After a lot of teasing, and a lot of leaking, the Galaxy S IV is finally here. Last year's version, the S III, remains the world's most popular Android phone, having sold over 40 million units. Can the S IV live up to that kind of hype? Can Samsung make us feel like we're living in the future?
We took a deep dive into the S IV earlier today, and the verdict is in. It just may not be the one you were hoping for.
The first thing you'll notice about the S IV is that it's a dead ringer for the S III. In some ways, that was a neat trick to pull off; the screen went from 4.8-inches on the S III to a full 5-inches on the S IV, but it actually feels smaller. At 5.46 inches tall, 2.75 wide, and 0.31 thick, it's slightly narrower and thinner than the S III, and just 0.08 inches taller. It's also 0.9 ounces lighter at 4.6 ounces. They accomplished this by shrinking the bezel way down. It's the same basic shape as the S III, though it's a little bit more rectangular.
Samsung sold a ton of S IIIs, so to a certain extent it makes sense that they'd take an ain't broke, don't fix it approach. But to be brutally honest, in 2013 the design feels stale, dated, and boring. The S III's plastic back made it look and feel cheap; the effect is amplified on the S IV given how sleek and anodized the competition has gotten. There's just no innovation on this front, to the point that it's hard to take the S IV seriously next to a gorgeous piece of hardware like the HTC One.
At least the 5-inch "Full HD Super AMOLED" is very good-looking. It's a full 1080p, which gives it 441 pixels per inch (PPI). Indeed, it looked very sharp, and you can't discern individual pixels. Colors—especially greens and blues—were vibrant, although that's largely because AMOLED screens skew a little blue compared to phones with other display technologies. The blacks were nice and deep, though, and the screen was bright enough that you should be fine even when the sun is blazing.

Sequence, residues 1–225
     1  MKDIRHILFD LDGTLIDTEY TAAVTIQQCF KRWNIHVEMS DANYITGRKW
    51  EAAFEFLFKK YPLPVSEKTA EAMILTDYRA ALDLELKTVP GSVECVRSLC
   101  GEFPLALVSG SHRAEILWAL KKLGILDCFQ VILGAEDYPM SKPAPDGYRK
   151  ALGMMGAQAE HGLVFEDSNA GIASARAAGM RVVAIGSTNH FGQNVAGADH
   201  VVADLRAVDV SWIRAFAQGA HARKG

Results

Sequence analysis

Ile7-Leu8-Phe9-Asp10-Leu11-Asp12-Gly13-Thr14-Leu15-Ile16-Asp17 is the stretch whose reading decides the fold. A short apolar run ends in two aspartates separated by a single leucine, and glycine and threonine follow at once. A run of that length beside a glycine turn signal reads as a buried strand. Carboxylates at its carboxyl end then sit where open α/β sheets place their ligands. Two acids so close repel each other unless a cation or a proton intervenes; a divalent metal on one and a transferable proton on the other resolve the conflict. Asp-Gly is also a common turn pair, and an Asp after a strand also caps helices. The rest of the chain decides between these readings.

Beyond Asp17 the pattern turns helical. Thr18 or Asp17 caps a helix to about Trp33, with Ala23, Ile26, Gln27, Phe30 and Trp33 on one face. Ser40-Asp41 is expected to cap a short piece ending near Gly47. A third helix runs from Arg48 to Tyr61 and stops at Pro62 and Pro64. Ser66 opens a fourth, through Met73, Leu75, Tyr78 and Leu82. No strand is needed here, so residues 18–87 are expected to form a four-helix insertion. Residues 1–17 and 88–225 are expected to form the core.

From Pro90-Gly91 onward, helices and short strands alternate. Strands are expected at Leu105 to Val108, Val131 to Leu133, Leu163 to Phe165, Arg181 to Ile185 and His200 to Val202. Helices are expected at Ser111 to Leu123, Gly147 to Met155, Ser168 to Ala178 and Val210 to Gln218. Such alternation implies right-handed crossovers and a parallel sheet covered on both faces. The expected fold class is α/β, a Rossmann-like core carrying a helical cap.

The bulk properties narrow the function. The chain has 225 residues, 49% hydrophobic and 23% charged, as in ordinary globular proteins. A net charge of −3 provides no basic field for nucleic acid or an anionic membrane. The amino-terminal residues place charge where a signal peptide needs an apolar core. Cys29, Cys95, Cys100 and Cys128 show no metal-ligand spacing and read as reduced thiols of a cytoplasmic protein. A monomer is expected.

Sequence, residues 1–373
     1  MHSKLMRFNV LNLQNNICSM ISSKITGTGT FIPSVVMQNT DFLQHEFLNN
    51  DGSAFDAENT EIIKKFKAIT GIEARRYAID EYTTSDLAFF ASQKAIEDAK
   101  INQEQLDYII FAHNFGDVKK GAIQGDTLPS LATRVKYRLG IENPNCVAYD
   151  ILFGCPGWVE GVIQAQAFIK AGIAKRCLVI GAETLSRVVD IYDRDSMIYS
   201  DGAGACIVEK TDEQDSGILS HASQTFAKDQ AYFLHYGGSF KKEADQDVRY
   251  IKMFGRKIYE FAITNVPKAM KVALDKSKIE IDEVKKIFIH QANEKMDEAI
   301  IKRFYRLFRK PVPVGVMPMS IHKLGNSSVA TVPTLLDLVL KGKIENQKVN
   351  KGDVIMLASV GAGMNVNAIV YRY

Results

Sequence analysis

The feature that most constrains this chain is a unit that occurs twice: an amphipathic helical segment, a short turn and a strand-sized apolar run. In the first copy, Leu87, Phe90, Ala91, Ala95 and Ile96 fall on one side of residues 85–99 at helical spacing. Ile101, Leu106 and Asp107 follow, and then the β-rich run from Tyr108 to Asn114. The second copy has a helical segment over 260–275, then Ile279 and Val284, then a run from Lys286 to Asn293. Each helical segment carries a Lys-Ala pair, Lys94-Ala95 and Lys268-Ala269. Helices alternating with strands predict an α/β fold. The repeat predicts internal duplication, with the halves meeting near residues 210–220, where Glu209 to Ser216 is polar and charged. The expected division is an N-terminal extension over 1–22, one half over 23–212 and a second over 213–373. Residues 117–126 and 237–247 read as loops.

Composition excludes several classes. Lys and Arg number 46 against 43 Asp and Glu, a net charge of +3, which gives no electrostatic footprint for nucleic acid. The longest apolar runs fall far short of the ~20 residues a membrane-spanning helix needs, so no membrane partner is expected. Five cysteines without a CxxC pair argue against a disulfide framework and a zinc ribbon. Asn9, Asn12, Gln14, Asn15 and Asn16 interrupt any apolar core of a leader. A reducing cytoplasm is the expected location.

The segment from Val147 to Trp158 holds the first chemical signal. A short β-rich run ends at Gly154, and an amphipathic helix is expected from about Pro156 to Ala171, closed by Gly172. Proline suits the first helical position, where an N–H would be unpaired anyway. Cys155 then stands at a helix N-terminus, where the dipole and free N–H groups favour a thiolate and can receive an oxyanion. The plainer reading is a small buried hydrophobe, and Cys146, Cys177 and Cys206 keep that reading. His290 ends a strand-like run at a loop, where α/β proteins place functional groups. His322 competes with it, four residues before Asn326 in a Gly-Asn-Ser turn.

We know that the S IV will be packing a flagship-standard 2GB of RAM and a hefty 2600mAh battery, which is certainly welcome news. It will come in 16GB, 32GB, and 64GB options, with a micro SD card slot allowing for expanded storage. Naturally it will also have Wi-Fi, Bluetooth 4, and NFC. The rear camera is 13MP and the front—which is also capable of 720p video chatting—has a 2MP sensor. It'll also have LTE (duh) with p to 100/50Mbps, which is quick. We still don't know what processor's running the show; Samsung would only say is that guts will be different from region to region (and possibly network to network). We'll have to wait until closer to launch for those details.
One of the few surprises here is that the S IV has an IR blaster, meaning that—like the HTC One—you can use your phone as a remote control for you home entertainment system. We love this feature, since remotes always seem to go missing right when you need them.
As with the S III, Samsung really tries to differentiate itself here with software. The S IV running the current version of Android (4.2.2, Jelly Bean), but you wouldn't necessarily know that because of the heavy TouchWiz UI, where more is more seems to be the philosophy. Some of the new features are definitely innovative, but they're just as often impractical. Let's go through some of the marquee additions:
Smart Scroll: So, all those rumors about the S IV tracking your eyes and auto-scrolling? Turns out that was something Samsung was experimenting with, but ended up not using (this time, anyway). Instead, the phone knows when you're looking at it, and then lets you tilt it up or down to scroll. Sounds neat! But unfortunately doesn't work very well. The S IV that we played with seemed to have trouble setting the base angle, so it would scroll up or down even when you didn't want to. When it worked it was fine, but more often than not it was a frustrating mess.
Smart Pause: Conversely, Smart Pause works quite well! This new feature automatically pauses a video you're playing when you look away. It works, but it's hard to think of too many cases in which you'd actually want to use it.
S Health: Holy crap, Samsung put a health tracker in its phone! Which is actually a great idea. S Health is an app that will track your steps, stairs climbed, and the ambient temperature and humidity, plus track your food intake and estimate calories consumed/burned. You can even track sleep with an optional accessory (see below). Fitbit and co. should be nervous, although I'm curious to see what kind of ding this puts on your battery life.